NEW YORK (Reuters) - From the sublime to the silly, artwork, furniture and memorabilia owned by Dennis Hopper was auctioned off in New York this week.
Typical was an Andy Warhol portrait of Mao Zedong which the actor shot two bullets through and still fetched $302,500.
The two-day sale at Christie‘s, which ended on Wednesday and combined with a November auction of Hopper’s most valuable art work, totaled more than $14.7 million including the auction house’s commission.
The Warhol, which set a new auction record for a single print from the pop artist’s iconic Mao series, soared to more than 10 times its high pre-sale estimate, while another Warhol screenprint of Marilyn Monroe from 1967 fetched $206,500, about four times the estimate.
But the sale wasn’t only about fine or fashionable art.
Hopper’s annotated script from his seminal, low budget 1969 film “Easy Rider,” a huge hit in which Hopper and Peter Fonda co-starred as bikers on the open road, sold for $20,000.
Hopper’s “Waterworld”-themed pinball machine, from the ill-fated Kevin Costner futuristic saga in which Hopper also starred, sold for $1,375, while his leather Eames chair and ottoman went for $8,750.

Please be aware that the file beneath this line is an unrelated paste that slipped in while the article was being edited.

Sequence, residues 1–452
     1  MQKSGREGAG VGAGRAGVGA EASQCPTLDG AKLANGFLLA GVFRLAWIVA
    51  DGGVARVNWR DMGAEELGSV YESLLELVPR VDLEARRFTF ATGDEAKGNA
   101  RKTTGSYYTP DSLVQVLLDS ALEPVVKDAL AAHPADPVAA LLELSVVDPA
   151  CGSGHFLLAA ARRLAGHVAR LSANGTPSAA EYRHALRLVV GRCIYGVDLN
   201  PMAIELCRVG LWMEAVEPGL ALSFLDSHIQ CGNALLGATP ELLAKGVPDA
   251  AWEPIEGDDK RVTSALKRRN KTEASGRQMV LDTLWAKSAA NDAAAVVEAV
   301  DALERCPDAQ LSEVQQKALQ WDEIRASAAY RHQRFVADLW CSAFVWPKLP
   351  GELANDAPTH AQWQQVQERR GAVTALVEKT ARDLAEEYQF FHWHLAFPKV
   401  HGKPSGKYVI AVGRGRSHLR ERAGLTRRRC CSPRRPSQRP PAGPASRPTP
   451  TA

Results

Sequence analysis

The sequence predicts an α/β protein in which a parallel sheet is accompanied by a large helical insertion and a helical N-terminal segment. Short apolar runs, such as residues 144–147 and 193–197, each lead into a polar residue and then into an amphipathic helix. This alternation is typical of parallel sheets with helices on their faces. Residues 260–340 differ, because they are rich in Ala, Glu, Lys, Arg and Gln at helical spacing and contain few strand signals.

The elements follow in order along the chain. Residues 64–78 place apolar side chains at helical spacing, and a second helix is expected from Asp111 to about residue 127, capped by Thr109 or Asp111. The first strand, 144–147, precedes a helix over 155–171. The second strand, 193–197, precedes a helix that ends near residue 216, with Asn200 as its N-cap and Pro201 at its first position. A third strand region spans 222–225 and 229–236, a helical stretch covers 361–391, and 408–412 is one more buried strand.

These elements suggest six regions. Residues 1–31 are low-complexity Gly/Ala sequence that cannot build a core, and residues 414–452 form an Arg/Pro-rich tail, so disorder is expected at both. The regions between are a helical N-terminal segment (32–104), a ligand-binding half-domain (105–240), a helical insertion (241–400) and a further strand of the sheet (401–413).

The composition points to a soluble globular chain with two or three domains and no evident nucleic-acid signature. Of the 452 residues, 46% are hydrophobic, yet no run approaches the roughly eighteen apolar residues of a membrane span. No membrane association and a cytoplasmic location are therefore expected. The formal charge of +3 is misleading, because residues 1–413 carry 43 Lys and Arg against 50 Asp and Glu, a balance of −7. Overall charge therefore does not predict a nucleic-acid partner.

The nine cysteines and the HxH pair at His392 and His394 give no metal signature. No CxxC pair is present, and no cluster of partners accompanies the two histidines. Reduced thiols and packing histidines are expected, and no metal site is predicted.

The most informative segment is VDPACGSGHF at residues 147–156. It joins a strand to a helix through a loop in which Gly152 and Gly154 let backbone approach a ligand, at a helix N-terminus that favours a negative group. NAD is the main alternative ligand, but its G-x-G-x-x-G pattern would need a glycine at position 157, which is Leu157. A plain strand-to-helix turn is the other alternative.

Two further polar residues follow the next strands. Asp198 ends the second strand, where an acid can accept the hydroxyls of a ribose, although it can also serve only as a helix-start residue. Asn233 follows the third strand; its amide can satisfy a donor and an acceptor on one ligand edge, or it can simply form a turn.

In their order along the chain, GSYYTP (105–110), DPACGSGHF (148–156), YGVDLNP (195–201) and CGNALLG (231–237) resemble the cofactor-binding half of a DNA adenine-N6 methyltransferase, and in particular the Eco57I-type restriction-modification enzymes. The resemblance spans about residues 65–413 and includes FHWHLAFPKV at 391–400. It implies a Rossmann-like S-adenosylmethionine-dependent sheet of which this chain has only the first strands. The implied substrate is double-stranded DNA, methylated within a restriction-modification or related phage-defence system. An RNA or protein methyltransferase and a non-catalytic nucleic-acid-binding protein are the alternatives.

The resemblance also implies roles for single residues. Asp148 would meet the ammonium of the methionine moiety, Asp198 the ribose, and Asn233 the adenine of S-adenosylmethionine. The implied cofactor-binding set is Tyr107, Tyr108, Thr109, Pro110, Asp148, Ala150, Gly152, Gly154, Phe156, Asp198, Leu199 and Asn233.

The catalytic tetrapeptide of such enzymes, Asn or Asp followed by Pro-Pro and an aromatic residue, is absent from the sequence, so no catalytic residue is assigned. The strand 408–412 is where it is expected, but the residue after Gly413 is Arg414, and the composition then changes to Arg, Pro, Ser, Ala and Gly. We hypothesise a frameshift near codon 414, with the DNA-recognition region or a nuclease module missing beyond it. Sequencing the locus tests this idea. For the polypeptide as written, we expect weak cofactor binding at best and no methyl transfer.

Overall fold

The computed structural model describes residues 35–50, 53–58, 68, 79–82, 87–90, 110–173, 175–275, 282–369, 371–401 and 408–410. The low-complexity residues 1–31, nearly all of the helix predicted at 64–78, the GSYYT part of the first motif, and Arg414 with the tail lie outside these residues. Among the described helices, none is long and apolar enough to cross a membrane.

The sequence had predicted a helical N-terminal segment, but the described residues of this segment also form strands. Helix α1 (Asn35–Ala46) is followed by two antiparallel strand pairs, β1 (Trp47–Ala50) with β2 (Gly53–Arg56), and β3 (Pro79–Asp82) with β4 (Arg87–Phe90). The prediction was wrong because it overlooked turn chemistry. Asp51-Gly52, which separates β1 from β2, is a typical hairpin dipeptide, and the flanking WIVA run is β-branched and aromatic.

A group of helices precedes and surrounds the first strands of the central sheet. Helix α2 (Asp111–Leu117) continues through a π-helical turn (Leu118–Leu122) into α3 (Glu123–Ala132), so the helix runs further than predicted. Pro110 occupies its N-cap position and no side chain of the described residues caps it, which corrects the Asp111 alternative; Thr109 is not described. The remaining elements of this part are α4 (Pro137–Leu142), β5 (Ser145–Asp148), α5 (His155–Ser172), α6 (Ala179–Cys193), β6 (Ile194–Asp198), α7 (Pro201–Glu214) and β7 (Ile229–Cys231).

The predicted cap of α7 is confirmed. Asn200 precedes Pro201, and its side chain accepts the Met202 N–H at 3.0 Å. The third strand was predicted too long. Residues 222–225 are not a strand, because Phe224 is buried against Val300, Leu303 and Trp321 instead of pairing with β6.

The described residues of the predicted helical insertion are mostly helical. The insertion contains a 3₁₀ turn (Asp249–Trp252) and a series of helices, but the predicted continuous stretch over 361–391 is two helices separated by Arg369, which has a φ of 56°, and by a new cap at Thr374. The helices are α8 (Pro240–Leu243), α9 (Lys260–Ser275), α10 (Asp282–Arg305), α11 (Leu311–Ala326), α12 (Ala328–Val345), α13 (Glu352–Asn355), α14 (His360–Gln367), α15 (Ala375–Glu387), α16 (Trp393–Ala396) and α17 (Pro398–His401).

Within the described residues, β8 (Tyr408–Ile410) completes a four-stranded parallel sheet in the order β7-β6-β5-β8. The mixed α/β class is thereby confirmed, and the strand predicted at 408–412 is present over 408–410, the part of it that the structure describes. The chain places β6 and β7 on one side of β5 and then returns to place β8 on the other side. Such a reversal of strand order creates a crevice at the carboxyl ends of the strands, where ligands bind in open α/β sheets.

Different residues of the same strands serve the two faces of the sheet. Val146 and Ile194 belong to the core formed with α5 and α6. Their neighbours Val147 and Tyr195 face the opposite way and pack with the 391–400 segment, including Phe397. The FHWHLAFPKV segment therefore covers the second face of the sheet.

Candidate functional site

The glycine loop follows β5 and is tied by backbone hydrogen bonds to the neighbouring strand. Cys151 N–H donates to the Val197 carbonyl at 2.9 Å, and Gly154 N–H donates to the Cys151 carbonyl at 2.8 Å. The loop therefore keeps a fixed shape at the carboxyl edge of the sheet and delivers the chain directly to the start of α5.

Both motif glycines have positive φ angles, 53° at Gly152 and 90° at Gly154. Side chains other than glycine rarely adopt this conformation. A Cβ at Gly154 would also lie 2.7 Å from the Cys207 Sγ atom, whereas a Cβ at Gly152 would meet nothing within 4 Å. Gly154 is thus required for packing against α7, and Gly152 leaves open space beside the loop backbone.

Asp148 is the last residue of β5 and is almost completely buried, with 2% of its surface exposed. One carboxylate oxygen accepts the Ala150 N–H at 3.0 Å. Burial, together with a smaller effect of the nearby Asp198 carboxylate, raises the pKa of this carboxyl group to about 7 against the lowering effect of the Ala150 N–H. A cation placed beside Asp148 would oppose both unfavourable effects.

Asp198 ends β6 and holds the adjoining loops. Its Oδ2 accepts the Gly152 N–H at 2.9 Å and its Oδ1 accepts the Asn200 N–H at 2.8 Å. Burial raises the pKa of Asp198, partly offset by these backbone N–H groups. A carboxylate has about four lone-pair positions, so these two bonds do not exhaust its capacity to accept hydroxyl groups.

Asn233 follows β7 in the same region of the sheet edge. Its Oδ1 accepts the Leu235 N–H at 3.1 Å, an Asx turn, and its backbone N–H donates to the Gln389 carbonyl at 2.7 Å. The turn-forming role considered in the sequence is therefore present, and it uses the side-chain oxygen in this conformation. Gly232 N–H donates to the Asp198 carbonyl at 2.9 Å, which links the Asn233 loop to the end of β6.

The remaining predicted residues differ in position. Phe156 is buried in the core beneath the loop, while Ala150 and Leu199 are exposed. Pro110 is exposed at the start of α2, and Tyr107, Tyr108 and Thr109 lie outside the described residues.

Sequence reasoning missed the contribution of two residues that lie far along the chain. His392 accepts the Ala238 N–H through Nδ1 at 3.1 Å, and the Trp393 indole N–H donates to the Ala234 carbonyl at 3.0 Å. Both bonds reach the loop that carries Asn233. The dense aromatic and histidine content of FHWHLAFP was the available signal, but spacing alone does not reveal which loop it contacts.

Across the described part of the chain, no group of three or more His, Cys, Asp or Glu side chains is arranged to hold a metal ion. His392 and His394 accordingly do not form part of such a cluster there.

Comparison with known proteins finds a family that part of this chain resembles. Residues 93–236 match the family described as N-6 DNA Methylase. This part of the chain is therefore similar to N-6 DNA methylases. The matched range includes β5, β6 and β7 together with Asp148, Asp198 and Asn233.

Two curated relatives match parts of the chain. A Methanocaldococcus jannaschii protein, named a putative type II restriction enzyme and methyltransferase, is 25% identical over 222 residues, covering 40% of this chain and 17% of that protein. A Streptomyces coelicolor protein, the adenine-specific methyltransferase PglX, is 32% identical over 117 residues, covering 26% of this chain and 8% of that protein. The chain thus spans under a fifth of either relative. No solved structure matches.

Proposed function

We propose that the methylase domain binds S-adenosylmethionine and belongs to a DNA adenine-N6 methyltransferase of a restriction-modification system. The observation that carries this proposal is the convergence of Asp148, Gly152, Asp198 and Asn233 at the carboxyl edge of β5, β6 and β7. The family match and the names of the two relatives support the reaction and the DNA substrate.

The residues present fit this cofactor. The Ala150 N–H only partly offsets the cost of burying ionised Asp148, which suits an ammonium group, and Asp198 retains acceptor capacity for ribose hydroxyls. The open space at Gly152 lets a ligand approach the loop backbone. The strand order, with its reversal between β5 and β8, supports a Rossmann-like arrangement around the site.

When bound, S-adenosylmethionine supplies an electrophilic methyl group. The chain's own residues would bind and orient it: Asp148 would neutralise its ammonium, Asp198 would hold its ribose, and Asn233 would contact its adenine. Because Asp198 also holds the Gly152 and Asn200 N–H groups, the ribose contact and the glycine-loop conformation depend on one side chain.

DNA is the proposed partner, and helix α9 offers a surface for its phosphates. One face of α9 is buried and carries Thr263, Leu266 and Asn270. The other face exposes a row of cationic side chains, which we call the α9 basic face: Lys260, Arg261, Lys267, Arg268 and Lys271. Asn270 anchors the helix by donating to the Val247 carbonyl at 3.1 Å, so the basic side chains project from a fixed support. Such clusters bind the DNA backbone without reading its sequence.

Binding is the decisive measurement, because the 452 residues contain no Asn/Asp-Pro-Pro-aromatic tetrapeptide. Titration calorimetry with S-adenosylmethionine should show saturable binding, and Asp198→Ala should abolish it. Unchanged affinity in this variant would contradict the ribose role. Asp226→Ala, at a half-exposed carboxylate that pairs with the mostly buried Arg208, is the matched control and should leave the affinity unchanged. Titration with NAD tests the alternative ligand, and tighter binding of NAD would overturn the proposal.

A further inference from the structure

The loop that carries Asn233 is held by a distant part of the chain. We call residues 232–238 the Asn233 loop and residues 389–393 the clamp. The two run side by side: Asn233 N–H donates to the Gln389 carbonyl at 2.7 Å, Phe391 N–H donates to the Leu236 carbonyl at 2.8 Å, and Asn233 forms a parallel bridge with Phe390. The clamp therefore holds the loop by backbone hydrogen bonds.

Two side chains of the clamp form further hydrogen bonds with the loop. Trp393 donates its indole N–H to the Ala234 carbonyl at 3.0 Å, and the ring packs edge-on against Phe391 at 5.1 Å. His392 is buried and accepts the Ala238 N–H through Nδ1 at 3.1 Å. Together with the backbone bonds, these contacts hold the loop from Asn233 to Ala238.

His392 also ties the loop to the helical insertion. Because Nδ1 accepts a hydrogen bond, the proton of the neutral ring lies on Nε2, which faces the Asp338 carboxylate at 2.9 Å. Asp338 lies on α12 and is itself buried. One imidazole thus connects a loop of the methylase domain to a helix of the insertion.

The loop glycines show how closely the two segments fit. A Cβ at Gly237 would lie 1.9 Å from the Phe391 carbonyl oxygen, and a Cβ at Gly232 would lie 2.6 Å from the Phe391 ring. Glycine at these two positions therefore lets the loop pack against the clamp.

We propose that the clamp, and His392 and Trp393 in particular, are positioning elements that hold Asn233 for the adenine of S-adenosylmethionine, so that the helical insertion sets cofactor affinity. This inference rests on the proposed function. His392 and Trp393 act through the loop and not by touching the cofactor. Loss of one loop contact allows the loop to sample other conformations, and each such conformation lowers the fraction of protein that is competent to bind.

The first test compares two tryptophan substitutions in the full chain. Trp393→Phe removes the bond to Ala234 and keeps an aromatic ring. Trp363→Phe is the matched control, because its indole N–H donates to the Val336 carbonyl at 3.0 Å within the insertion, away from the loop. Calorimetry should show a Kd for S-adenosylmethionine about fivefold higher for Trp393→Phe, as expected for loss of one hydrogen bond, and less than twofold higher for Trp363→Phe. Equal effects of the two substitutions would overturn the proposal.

Even fans with more modest budgets could pick up a movie poster from Hopper’s collection for a few hundred dollars.
“The unique and varied collection exhibits that clients aren’t simply wooed by the art,” said Cathy Elkies, Christie’s director of iconic collections.
“They are intrigued by the stories behind the works,” she said, referring to the portrait of Mao, who was among Warhol’s iconic subjects.
Hopper’s print was rendered unique after the notoriously wild actor got spooked one night and fired two shots at the 36-inch by 36-inch piece, mistaking the portrait on his wall for Mao himself and shooting it.
Hopper, who died of cancer last year aged 74, later showed Warhol the bullet holes, and the friends agreed the work was now a “collaboration.”
Warhol drew circles around the holes, labeling one over Mao’s right shoulder “warning shot” and one at his upper left eyelid “bullet hole.”
Another highlight of the Hopper sale was Bruce Conner’s multimedia piece “Picnic on the Grass,” which sold for $96,000 against an estimate of only $10,000 to $15,000.
Collectors also snapped up various art works by Hopper’s actor friends who dabbled as artists, including Dean Stockwell, Russ Tamblyn, Viggo Mortensen and Martin Mull, some of which sold for as little as $300.
Two venerable California museums, the Museum of Contemporary Art in San Diego and The Hammer Museum in Los Angeles, also acquired works.
Thirty-two items were withdrawn from the nearly 300 originally on offer when Hopper’s estranged fifth wife, Victoria Duffy, went to court to contest their sale.
Reporting by Chris Michaud. Editing by Peter Bohan